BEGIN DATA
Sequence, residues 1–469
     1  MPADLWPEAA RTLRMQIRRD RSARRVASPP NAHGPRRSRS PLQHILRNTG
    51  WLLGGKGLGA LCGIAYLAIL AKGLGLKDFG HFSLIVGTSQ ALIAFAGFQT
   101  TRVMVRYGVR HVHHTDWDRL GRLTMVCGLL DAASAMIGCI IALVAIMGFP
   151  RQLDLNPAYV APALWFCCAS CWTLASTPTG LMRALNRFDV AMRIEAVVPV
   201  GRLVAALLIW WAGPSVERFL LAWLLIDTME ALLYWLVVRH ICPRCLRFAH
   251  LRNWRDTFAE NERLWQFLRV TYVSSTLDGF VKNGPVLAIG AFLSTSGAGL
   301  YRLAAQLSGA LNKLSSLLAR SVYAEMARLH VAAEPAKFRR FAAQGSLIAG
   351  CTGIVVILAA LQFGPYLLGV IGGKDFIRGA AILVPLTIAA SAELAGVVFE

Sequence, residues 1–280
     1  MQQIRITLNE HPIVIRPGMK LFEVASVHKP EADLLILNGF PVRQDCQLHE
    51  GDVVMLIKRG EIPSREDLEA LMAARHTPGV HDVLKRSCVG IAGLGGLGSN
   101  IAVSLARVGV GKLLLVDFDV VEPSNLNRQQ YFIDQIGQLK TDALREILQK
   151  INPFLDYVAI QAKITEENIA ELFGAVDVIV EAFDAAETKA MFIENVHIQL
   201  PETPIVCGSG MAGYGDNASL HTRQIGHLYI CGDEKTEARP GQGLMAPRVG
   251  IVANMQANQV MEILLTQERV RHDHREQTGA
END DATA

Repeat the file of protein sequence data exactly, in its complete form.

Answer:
Sequence, residues 1–469
     1  MPADLWPEAA RTLRMQIRRD RSARRVASPP NAHGPRRSRS PLQHILRNTG
    51  WLLGGKGLGA LCGIAYLAIL AKGLGLKDFG HFSLIVGTSQ ALIAFAGFQT
   101  TRVMVRYGVR HVHHTDWDRL GRLTMVCGLL DAASAMIGCI IALVAIMGFP
   151  RQLDLNPAYV APALWFCCAS CWTLASTPTG LMRALNRFDV AMRIEAVVPV
   201  GRLVAALLIW WAGPSVERFL LAWLLIDTME ALLYWLVVRH ICPRCLRFAH
   251  LRNWRDTFAE NERLWQFLRV TYVSSTLDGF VKNGPVLAIG AFLSTSGAGL
   301  YRLAAQLSGA LNKLSSLLAR SVYAEMARLH VAAEPAKFRR FAAQGSLIAG
   351  CTGIVVILAA LQFGPYLLGV IGGKDFIRGA AILVPLTIAA SAELAGVVFE

Sequence, residues 1–280
     1  MQQIRITLNE HPIVIRPGMK LFEVASVHKP EADLLILNGF PVRQDCQLHE
    51  GDVVMLIKRG EIPSREDLEA LMAARHTPGV HDVLKRSCVG IAGLGGLGSN
   101  IAVSLARVGV GKLLLVDFDV VEPSNLNRQQ YFIDQIGQLK TDALREILQK
   151  INPFLDYVAI QAKITEENIA ELFGAVDVIV EAFDAAETKA MFIENVHIQL
   201  PETPIVCGSG MAGYGDNASL HTRQIGHLYI CGDEKTEARP GQGLMAPRVG
   251  IVANMQANQV MEILLTQERV RHDHREQTGA